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Daddy Longlegs: Spiders & Other Critters

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A group of daddy long-legs of the order Opiliones.
Credit: Creative Commons | Luis Fernández García

Daddy longlegs is a term used to refer to three different types of critters, and only one of them is a spider. Also, a common belief that daddy longlegs spiders are the most venomous spiders in the world is an urban myth.

Harvestmen & crane flies

The term most properly refers to an arachnid in the order Opiliones. They are also called harvestmen. This outdoor arachnid typically lives under logs or rocks. Unlike spiders, it has only one pill-like body segment. It also has only two eyes, does not spin webs, and is not venomous. Like the spider, it has eight very long legs that can be 30 times as long as its body.

In the Southern United States as well as some parts of Canada and the United Kingdom, the crane fly is also sometimes called a daddy longlegs.This distinctive bug, with six long legs and two large wings, is not a spider, nor an arachnid, but is an insect.

Cellar spiders

Another creature often called daddy longlegs is a spider in the family Pholcidae. The common name for these creatures used to be cellar spiders, but arachnologists have started to call them "daddy longlegs spiders" because of the common confusion.

This daddy longlegs has two body segments — a cephalothorax and an unsegmented abdomen — and eight eyes. It ranges in color from cream to brown or gray, and some species have brown stripes. The daddy longlegs’ characteristic long, skinny legs are several times the length of its small body. They have dark spots at the knees and contain sensors that detect movements and vibrations. The daddy longlegs spider can range from 2 to 10 mm long, but its legs can grow up to 50 mm. The female is slightly bigger than the male.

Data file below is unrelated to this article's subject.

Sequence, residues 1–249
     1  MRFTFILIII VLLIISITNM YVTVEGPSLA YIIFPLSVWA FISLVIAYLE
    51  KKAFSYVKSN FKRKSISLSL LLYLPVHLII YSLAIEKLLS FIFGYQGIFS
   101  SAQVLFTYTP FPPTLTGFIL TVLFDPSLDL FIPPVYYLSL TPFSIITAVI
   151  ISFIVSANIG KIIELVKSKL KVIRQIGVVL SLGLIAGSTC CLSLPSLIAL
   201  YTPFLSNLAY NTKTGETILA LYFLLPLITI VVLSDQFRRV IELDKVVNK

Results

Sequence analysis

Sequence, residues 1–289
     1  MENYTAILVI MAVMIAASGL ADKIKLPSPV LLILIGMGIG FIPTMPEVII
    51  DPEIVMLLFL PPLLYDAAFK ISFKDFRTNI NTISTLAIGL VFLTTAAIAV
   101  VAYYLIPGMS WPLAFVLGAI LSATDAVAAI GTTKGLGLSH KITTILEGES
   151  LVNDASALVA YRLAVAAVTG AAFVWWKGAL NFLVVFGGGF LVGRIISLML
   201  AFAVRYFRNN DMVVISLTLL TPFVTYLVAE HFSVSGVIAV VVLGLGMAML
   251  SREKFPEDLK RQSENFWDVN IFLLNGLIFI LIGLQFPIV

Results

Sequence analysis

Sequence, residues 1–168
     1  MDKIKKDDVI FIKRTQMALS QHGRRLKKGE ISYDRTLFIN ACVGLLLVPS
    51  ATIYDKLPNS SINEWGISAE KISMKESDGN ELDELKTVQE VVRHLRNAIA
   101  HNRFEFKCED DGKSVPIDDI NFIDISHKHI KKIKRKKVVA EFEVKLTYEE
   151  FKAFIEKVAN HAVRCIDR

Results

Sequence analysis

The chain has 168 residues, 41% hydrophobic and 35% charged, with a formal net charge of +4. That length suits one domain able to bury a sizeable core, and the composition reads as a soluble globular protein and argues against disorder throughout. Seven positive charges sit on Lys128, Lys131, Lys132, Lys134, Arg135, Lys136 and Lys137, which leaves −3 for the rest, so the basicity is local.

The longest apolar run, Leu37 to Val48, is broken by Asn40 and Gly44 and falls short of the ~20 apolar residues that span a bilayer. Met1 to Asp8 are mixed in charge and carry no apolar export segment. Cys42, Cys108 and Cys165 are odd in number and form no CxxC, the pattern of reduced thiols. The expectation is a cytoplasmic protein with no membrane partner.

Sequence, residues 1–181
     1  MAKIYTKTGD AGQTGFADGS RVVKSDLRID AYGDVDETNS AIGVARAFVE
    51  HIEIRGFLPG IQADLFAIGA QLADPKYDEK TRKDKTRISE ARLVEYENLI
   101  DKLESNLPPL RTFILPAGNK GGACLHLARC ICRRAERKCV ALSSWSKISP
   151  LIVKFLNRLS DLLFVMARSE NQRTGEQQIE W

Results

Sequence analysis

Daddy longlegs spider habits

Daddy longlegs spiders live on every continent except Antarctica. They prefer damp climates but can nevertheless thrive in deserts. They are especially successful in urban areas where they spin thin, tangled webs in ceiling corners, under furniture, in garages and basements, and other places where they’re unlikely to be disturbed. Daddy longlegs may be useful spiders because they can help keep the population of other insects and spiders down.

The daddy longlegs spider’s web does not have adhesive properties for catching prey. Instead, insects and other spiders get trapped in the confusing, irregular web structure. When a daddy longlegs sees prey trapped inside its web, it throws a length of silk over the prey from a distance. That stops the prey from moving. Then, the daddy longlegs covers the prey with silk and administers its fatal bite. This technique allows the daddy longlegs spider to catch prey much larger than itself.

Mating

Daddy longlegs spiders can mate throughout the year. The male squirts sperm onto the web then sucks it up into his pedipalps. It then inserts the pedipalps into the female’s epigynum, and she carries the sperm around with her until she lays her eggs. The female carries her egg sac in her jaws at all times — with the exception of eating — until the eggs hatch.

Male daddy longlegs typically live for about one year and die after mating. Females can live for three years.

Venom myth busted

According to urban legend, daddy longlegs are the most venomous spiders in the world, but their fangs are too weak to penetrate human skin. However, this myth was busted on the Discovery Channel show "Mythbusters." A daddy longlegs spider was coaxed into biting the arm of the show's co-host, Adam Savage. He reported nothing more than a very mild burning sensation from the spider's venom that lasted just a few seconds.

The myth may have come about because the daddy longlegs spider can kill the dangerous Australian redback spider, but that is done through its ingenious web-catching technique, not its venom.

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